April 20, 2018

How Search is a Marketing Function

Last week I attended yet another luncheon of the Columbus American Marketing Association. This time the guest speaker was Mark Marinacci: Head of Industry- Retail, Google. 

He was there to talk about “Innovations in Search.” I left convinced that search is a marketing function. I am worried — very worried — for libraries.

First he boggled the mind by saying that from the beginning of time to 2003 humans generated 5 exabytes of information. Today we create that much information in 2 days. There was quite a gasp at that fact.

He next spoke about how search matters for marketers. That search can help grow your audience and ensure insights into your customers. He talked about the “zero moment of truth” — that moment when someone decides to purchase or use an item and how can we cut through the clutter of a sea of information in order to influence that decision.

Search drives viewpoints that get people closer to that moment of truth. His example: 3 years ago 60% of purchase decisions were made before anyone walked into a store. Now 83% is. More people are researching customer testimonials on line long before they ever enter the store. Influencing that conversation is important for marketers.

He talked about what Google searches are doing to how we know what we know. He shared that Google can predict  flu epidemics before Center for Disease Control can by watching who and where people do a Google search for the flu. They can see an increase in searches for stuffy nose and sneezing long before it becomes a real outbreak.

Here’s an interesting experiment for you. Go to Google search. Type in your library’s name. Look at all the related searches that come up. These searches are ranked in frequency. I did that, and what I learned is that more people are searching for our Foundation than I would have suspected — in the shot below you can see that it shows up high in the list. That tells me that I need to improve access to our Foundation from our library’s website.

He focused on how search is changing:

Personalization: Shortly they are introducing a feature that will overlay your social network on top of your search, so you can see what people in your social network search for.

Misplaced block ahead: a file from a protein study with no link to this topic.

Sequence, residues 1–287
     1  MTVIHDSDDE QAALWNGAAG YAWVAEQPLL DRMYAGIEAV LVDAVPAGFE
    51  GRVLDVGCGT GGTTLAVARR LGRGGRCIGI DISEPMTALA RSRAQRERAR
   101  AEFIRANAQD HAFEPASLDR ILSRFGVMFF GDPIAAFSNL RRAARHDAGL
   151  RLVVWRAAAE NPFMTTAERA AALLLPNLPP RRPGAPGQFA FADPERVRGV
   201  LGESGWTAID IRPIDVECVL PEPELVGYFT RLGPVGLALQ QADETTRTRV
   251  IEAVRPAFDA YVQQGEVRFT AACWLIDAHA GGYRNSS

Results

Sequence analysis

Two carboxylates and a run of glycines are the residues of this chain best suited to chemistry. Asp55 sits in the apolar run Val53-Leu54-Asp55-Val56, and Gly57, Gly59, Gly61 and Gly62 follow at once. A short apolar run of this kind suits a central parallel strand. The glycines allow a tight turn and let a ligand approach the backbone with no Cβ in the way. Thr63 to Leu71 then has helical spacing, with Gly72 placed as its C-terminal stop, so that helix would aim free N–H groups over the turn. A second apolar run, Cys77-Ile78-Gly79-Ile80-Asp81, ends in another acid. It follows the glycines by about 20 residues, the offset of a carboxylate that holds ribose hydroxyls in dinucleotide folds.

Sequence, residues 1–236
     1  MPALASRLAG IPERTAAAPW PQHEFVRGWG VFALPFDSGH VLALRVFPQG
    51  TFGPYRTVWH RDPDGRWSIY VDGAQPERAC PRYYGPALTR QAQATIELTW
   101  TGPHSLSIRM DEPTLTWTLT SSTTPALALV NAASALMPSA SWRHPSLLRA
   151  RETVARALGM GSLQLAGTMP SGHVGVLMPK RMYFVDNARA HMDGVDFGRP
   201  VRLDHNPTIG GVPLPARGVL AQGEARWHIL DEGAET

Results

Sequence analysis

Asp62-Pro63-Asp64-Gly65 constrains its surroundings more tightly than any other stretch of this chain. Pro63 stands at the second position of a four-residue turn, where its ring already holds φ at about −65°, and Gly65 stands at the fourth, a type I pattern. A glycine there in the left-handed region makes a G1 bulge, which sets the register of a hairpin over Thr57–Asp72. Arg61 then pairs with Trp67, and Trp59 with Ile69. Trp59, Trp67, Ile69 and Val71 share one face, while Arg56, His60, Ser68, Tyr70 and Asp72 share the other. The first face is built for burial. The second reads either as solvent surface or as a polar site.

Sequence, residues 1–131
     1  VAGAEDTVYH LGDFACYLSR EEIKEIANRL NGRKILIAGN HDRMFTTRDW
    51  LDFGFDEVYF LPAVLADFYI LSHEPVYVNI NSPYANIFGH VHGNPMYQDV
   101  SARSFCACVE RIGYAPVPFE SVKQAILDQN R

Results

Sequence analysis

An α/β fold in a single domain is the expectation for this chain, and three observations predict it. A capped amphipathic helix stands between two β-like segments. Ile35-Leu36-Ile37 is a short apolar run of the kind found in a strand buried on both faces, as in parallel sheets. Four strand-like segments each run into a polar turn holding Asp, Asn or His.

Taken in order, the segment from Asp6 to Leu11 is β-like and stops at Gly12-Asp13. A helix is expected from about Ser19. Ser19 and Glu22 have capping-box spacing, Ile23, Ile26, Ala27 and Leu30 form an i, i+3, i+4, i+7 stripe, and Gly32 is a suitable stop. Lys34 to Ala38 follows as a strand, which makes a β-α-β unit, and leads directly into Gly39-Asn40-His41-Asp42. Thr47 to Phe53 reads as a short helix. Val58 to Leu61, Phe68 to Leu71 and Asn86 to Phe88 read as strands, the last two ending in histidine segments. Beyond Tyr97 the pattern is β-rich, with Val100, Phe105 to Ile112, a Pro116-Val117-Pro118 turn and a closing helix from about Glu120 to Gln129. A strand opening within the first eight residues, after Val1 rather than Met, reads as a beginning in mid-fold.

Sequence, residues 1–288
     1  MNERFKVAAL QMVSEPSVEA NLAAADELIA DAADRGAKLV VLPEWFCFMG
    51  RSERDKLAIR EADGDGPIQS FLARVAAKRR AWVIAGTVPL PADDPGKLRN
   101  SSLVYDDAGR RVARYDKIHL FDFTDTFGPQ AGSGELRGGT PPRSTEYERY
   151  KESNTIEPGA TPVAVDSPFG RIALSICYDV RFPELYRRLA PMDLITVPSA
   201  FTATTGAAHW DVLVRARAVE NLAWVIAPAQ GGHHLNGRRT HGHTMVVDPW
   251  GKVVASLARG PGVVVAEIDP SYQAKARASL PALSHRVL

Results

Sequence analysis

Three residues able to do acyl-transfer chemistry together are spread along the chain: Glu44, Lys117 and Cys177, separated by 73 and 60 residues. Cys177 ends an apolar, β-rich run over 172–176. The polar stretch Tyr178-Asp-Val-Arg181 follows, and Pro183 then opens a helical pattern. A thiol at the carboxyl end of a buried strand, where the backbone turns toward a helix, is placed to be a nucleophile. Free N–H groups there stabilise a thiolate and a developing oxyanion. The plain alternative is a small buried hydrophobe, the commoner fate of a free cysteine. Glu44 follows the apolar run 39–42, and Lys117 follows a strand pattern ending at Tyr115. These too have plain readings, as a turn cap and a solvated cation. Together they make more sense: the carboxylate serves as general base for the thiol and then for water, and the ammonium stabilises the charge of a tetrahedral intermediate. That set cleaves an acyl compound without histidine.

Language: 90% of digital content is in 1 of 40 languages. Google Translate is transforming our ability to talk with one another. You can pop a Google Translate widget on your website, and presto — instant translate!

Localization: 1 in 5 searches in local. He showed how a search on Target (one of their strategic partners) for toasters, provides a drop down menu that will show you the real inventory at your nearest Target store. That boggles my mind.


Mobile:In 5 years, more users will connect to the internet via a mobile device than a desktop PC. We are in the midst of a major platform shift, with Google now offering voice recognition.He told the story of sitting in a Cubs game, using his phone to verbally ask what some player’s ERA is. The answer was instantaneous. And he talked Google Goggles, which is a visual search. Take a photo on your phone, and Google can tell you what it is.  Wow. Libraries really need to ramp up their mobile strategies.

 Real Time:Google is aggressively working to stream all that content real time, whether or not it is video, tweets, broadcast television — all of it will soon appear simultaneously on your phone.

So where are libraries in all this? I’m telling you, if we don’t reinvent ourselves, we’re out of the game. This is traveling at us so fast we won’t know what happened. We can’t keep thinking of ourselves as repositories of knowledge. We’ve got to think creatively about what is our unique identity. Many libraries are starting to do this but I’m starting to worry that time is running out! Give me some encouragement!

Alison Circle About Alison Circle

Alison Circle is director of marketing communications for Columbus Metropolitan Library. Previously she was an Account Director at Jack Morton Worldwide, a global branding agency, and her primary client was Target Stores. Prior to that she was the National Marketing Director for Minnesota Public Radio and "A Prairie Home Companion with Garrison Keillor." She has advanced degrees in English and Fine Arts, and is a recipient of a National Endowment for the Arts grant.